The sample size? Six starts, or somewhere between one-fifth and one-sixth of the season.
Combined with Jacob deGrom's struggles on Friday, Syndergaard’s performance was enough to drop the Mets to .500 for the first time this season.
“There’s no excuses by any of us,” Mets manager Mickey Callaway said. “We’ve just got to be better.”
Callaway struggled to define Syndergaard’s primary issue, repeating only that the pitcher is “not executing” as he should. That much, at least, is plain to see.
By this point in Syndergaard’s career, the Mets had expected him to develop not only into a staff leader, but one of the best pitchers in baseball. An All-Star in 2016 at age 23, Syndergaard lost nearly all of the next season due to a lat strain, then a sizeable chunk of 2018 to a combination of injury and illness. For the Mets, it was concerning, but they could take solace in the upshot: when healthy, Syndergaard was dynamic, with a .627 career winning percentage and a 2.93 ERA entering this season.
That narrative has since changed. Throughout April, Syndergaard has felt healthy and strong, leading MLB starters in average fastball velocity. His 2.93 FIP entering Saturday hinted at a run of poor luck, with a sky-high .346 batting average on balls in play fueling that number.
But Saturday’s loss was about more than mere luck. Early in the game, the Mets’ defense contributed to his troubles, until a replay-reviewed double play in the second inning helped Syndergaard escape a bases-loaded, one-out jam. Faced with an identical problem in the third, he was not so fortunate, serving up an Eric Thames two-run single.
A well-timed, well-placed hit? Fine, perhaps a little lucky. Less so were the solo home runs Ben Gamel and Christian Yelich hit in the fourth inning, raising Syndergaard’s ERA to its highest point this season. When Pete Alonso hit a three-run homer in the seventh inning, it brought the Mets within a run, but no closer.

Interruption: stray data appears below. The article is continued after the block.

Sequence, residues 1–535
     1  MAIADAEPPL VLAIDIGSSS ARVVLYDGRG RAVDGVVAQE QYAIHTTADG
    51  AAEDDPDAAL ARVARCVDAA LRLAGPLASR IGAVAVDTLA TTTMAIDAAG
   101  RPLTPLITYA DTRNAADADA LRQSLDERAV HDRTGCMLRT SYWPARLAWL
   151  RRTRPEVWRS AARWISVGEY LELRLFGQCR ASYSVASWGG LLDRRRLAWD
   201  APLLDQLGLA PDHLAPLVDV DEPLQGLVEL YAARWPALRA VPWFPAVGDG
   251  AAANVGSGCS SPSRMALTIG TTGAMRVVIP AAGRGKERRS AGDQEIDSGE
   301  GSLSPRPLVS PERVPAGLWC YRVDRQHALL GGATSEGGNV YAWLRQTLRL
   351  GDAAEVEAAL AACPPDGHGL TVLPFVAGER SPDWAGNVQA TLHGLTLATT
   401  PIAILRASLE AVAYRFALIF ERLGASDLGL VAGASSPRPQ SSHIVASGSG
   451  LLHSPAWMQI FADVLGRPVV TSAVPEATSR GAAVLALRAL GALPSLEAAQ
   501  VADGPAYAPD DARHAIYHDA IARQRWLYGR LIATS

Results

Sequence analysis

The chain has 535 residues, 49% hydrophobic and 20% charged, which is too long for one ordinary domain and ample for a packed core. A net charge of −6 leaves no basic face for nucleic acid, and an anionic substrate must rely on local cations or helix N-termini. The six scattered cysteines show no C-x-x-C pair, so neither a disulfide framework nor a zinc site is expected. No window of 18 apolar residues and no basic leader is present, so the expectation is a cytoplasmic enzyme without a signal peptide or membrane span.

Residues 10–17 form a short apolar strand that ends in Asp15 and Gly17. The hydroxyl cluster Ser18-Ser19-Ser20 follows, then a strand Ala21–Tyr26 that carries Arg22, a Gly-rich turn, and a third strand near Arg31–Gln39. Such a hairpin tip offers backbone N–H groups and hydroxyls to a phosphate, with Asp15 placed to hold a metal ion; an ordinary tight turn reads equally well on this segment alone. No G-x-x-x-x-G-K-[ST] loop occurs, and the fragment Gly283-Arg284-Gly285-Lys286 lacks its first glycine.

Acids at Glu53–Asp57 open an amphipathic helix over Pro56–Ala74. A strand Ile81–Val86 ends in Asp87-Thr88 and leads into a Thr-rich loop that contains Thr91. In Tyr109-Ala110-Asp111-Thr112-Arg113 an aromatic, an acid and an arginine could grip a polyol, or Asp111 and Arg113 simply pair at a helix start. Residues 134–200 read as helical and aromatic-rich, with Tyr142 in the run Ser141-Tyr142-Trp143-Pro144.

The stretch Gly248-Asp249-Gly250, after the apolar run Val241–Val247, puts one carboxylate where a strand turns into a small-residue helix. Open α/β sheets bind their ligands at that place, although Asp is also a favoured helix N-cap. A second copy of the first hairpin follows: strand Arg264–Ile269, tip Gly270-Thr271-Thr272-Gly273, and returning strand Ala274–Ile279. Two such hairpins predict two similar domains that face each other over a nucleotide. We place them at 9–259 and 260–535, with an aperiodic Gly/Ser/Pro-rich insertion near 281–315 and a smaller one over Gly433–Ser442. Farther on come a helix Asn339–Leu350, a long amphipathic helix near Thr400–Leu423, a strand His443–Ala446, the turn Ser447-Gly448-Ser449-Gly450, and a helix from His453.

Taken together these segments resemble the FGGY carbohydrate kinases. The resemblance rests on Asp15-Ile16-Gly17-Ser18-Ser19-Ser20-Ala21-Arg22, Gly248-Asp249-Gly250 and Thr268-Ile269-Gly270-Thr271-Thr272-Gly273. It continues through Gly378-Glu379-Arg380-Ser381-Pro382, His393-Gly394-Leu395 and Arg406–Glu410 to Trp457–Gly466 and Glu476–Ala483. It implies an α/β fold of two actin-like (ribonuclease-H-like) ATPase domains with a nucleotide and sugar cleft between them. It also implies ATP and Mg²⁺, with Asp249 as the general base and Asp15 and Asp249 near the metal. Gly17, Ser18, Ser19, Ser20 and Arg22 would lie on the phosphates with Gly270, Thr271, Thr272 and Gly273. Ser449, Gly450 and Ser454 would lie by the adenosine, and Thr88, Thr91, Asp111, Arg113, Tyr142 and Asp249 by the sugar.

“When it rains, it pours,” Syndergaard said. “But I’m not pressing the panic button quite just yet. I still have every bit of confidence in my abilities. I’m just not getting the results I want. Something’s not clicking. But I feel like I’m one split-second away from turning this around.”
Suddenly, the Mets cannot be sure what they are getting from Syndergaard even when he’s healthy, spelling trouble for the entire rotation. The Mets built their team around starting pitching, but at the season’s one-month mark, deGrom and Zack Wheeler each own 4.85 ERAs. Syndergaard is at 6.35, and hasn’t been the worst of the bunch. Jason Vargas holds a 7.20 mark. The Mets’ most successful starter, Steven Matz, has a 4.03 ERA, with most of that damage coming during a single inning in Philadelphia.
“We’re just not executing as a staff,” Callaway said. “As a whole staff.”
Combined, the Mets rotation owns a 5.32 ERA, which ranks 24th in the Majors and second-to-last in the National League. The only worse NL team has been the Brewers, who addressed their need by signing free agent Gio Gonzalez late last week. According to Gonzalez and multiple other sources, the Mets were also a finalist for his services. But they would not guarantee him a rotation spot, committing themselves to Vargas for at least a while longer.
That strategy would seem less risky were deGrom and Syndergaard thriving. They’re not. The Mets will find it hard to climb back over .500 until they figure out how to fix it.
“We’ve just got to pitch better,” Callaway said. “Our hitters are keeping us in the games, trying to come back, and we’re not holding them.”